Thursday, November 28, 2013

Preparing a manuscript for publication

Preparing to submit your first manuscript to a peer reviewed scientific journal can be nerve racking, especially without an experienced graduate student or available adviser to guide you. When I began to prepare my first paper for submission, I was surprised by how pain staking and time consuming the process can be (especially, if it's your first time!). I thought I would share my experience in the hopes that it might help guide newer graduate students through their very first submission (Awwwwwww! They're growing up!).

1) Pick a journal in advance (before or during the writing phase!)

I'll admit that I don't always do this and sometimes change my mind part way through the writing process. However, it can help guide your writing. If you're familiar with the aims of your journal of choice, it can be easier to formulate an appropriate paper. That being said, familiarize yourself with the "aims and goals" of journals you may submit to. This is most often posted on the main journal page. You can also access and read several papers from said journal. Are any of the published papers similar to yours? do they have similar goals? If the answer is yes, you have likely chosen an appropriate journal. You may also wish to ask for input from your adviser, they are frequently more familiar with a larger number of journals than their graduate students.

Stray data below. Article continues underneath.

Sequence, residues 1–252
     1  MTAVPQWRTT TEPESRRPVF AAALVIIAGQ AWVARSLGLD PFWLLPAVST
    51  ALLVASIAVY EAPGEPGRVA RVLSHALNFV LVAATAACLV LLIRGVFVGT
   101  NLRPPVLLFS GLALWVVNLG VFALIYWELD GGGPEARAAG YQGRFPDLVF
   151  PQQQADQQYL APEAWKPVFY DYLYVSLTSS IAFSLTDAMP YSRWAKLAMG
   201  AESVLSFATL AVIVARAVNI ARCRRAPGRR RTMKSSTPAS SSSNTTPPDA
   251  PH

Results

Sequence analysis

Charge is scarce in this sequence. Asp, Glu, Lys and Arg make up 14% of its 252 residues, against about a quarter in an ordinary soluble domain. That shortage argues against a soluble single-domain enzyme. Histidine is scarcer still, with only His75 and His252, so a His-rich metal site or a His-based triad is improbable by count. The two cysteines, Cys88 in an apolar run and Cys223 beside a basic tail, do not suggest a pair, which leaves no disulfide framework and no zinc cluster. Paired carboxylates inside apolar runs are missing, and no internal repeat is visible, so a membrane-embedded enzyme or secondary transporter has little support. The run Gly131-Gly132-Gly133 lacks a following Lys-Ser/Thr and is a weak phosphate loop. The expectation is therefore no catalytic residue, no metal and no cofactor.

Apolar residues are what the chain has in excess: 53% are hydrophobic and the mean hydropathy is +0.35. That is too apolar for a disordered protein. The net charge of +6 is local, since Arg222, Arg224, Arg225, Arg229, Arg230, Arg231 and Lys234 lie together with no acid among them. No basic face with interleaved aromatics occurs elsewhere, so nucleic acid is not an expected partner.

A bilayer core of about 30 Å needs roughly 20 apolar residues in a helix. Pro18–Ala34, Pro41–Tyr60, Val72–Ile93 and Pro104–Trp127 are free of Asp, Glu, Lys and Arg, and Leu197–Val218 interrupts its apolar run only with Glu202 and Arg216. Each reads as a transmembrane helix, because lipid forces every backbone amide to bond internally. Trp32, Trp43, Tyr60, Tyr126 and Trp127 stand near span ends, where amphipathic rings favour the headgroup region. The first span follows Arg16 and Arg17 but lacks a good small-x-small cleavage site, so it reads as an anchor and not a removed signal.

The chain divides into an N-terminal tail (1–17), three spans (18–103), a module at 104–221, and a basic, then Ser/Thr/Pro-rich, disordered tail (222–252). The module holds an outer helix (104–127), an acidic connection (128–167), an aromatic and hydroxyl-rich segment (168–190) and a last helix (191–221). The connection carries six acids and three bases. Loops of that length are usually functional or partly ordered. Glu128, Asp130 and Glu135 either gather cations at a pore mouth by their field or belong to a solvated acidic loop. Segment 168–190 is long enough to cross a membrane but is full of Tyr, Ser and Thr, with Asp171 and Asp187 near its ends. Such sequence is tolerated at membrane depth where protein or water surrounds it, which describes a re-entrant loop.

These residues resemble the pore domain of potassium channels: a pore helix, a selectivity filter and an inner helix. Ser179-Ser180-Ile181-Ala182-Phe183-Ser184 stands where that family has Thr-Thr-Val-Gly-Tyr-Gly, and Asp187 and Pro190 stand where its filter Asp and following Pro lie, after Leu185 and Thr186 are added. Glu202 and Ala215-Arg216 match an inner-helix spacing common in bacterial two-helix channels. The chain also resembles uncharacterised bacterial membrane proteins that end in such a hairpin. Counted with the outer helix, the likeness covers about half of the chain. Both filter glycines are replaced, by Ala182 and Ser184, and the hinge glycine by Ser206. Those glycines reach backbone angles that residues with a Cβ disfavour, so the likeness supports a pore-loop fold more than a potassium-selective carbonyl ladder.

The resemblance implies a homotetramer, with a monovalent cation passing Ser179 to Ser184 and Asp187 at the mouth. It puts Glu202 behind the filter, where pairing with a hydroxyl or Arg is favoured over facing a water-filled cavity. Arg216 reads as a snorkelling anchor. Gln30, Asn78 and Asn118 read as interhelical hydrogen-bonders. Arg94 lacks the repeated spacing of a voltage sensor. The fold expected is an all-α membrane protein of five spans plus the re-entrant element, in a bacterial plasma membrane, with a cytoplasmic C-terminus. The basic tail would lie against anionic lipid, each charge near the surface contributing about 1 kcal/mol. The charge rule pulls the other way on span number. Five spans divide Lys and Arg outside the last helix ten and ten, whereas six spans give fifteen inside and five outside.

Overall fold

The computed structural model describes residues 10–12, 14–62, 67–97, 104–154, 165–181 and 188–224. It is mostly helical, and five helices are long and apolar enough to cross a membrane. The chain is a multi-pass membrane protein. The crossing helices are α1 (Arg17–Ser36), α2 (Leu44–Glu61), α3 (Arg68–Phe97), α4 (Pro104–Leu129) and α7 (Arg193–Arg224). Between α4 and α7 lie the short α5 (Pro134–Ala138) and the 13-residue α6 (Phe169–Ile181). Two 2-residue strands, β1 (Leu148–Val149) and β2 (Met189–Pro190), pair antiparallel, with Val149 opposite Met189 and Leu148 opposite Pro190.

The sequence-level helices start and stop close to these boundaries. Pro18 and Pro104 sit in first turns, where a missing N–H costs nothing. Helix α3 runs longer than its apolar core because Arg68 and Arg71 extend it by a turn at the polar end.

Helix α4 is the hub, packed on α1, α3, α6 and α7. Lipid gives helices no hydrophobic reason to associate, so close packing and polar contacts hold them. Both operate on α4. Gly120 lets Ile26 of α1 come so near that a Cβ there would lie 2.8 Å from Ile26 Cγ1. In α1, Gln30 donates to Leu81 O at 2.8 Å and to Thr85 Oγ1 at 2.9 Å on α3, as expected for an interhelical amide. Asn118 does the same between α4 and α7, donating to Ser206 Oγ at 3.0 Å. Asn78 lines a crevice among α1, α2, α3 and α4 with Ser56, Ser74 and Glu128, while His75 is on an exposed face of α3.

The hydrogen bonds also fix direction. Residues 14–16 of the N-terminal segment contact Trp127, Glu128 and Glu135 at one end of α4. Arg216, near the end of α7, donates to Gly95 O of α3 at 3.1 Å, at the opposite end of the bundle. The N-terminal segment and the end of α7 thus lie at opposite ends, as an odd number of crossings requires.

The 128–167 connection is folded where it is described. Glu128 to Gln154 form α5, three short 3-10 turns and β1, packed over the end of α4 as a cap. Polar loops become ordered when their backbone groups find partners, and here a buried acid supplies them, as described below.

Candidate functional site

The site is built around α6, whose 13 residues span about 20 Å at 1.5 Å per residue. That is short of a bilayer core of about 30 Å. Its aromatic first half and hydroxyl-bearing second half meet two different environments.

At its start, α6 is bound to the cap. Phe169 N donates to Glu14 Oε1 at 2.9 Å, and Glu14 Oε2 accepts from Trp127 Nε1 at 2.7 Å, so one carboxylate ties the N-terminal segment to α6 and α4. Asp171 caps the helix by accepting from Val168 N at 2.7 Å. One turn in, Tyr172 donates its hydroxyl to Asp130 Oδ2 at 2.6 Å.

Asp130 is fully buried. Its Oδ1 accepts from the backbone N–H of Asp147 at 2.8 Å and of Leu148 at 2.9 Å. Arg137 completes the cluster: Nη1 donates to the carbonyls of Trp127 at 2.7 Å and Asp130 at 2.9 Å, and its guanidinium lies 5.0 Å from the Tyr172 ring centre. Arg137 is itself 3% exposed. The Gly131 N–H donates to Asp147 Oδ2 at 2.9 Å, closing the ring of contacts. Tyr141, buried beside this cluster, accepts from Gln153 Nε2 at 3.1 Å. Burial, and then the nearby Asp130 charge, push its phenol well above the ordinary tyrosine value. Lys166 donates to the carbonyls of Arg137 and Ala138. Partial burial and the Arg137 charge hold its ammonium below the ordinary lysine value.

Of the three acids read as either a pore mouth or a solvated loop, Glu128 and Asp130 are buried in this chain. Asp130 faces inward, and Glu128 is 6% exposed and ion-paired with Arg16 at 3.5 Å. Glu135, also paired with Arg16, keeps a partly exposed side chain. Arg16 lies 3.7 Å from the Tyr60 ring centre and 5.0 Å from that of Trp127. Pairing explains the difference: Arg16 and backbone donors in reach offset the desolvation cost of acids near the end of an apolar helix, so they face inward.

2) Get as much feedback as possible

You'll likely receive comments and feedback from your adviser (let's hope!). But it's also good practice to ask for feedback from others. These people might be other experts in your field (that you feel comfortable asking!) or lab mates. Hopefully, receiving as much feedback as possible will help identify issues with grammar, gaps in logic, and other errors (thus reducing the burden of reviewers!). 

3) Download the author guidelines (preferably during the writing stage) and prepare your manuscript file for submission